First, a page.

12 Of The Best Walks & Trails In West Sussex



With numerous Areas of Outstanding Natural Beauty, National Trust estates and huge expanses of golden sand to choose from, there’s no shortage of options when it comes to the best walks and trails in West Sussex.

On the coast, you can follow the clifftop from Birling Gap to Beachy Head, or roam the immense sandy expanse of West Wittering Beach, near Chichester Harbour.

Inland, the scenic valley at Devil’s Dyke and an iron-age fort at Cissbury Ring are just two of the highlights in the South Downs National Park. And if you’re looking for a woodland walk with a bit of literary history thrown in, try Ashdown Forest, made internationally famous by A. A. Milne as the Hundred Acre Wood, home of Winnie the Pooh.

So whether you’re looking for gentle circular walks, a clifftop ramble with stunning views or just those little extras like tea rooms and car parks that help to make life easier, look no further. 

Taking in lighthouses, windmills, reservoirs and Saxon churches, here are 12 of the best walks and trails in West Sussex for you to explore.

Devil’s Dyke (Ben Collins on Unsplash)

Devil’s Dyke

Said to have been dug by the Devil in an attempt to drown the local Christian populace with water from the sea, this deep, V-shaped valley is nearly a mile long. It sits below Iron Age fortifications with sweeping views of the South Downs, The Weald and, on a good day, the Isle of Wight. At the bottom of the valley, two prominent humps are said to be the graves of the Devil and his wife, so if you’re superstitious, you might like to avoid that bit…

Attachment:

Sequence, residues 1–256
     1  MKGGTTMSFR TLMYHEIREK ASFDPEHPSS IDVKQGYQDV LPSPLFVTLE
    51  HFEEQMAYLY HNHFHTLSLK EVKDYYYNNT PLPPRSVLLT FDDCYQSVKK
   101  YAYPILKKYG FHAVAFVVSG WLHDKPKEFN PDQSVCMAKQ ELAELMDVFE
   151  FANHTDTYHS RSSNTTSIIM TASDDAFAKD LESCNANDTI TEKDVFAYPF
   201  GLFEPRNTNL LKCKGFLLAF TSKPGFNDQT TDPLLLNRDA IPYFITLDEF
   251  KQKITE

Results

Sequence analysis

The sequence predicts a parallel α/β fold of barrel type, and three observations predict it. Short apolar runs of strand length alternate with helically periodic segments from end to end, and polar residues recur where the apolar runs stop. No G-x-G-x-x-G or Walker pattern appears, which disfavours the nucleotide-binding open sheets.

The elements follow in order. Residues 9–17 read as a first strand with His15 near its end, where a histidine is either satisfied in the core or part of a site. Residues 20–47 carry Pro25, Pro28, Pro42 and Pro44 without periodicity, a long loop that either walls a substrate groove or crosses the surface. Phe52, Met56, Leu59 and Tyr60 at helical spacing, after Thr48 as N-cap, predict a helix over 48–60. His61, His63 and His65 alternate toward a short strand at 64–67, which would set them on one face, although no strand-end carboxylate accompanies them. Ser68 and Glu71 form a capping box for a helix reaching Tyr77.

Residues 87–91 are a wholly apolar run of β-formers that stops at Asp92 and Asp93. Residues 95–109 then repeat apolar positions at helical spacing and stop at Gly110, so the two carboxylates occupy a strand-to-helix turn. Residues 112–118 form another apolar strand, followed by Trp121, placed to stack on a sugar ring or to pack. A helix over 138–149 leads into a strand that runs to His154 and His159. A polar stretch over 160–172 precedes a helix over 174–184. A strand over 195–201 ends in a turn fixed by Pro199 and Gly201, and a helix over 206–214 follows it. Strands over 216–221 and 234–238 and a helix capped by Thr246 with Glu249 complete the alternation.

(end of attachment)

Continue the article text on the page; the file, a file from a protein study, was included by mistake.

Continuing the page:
Several dog-friendly National Trust trails cover the whole area. It’s a popular spot for paragliders too, and in spring the valley’s carpet of wildflowers attracts hundreds of butterflies.

Birling Gap to Beachy Head

Not far to go… (Ana Paula Grimaldi on Unsplash)

It’s hard to get lost on this spectacular walk along the Seven Sisters cliffs. Start at the public car park and head off on the signposted trail by a row of coastguard cottages. On the way you’ll pass two lighthouses, and have unforgettable views out over the English Channel. It’s also possible to cover the whole stretch on the shingle beach below the cliffs, but only at low tide, so check the times carefully before you take it on.

In total, the two-mile walk takes around an hour, but of course that doesn’t account for picnics or several stops to admire the views. At the end, the Beachy Head Inn serves food, welcomes dogs, and has a pretty garden where you can reward yourself with a pint.

If you’d like to discover more of the best coastal walks in West Sussex, here’s a useful list.

Sheffield Park and Garden

This glorious landscaped garden and arboretum, laid out in the 18th century by Capability Brown, is home to four lakes surrounded by bridges and woodland trails. In summer, the lakes are covered in water lilies, attracting kingfishers and dragonflies, while from mid-September onwards the leaves begin to change colour in a kaleidoscopic display of gold, scarlet and yellow, all reflected in the water.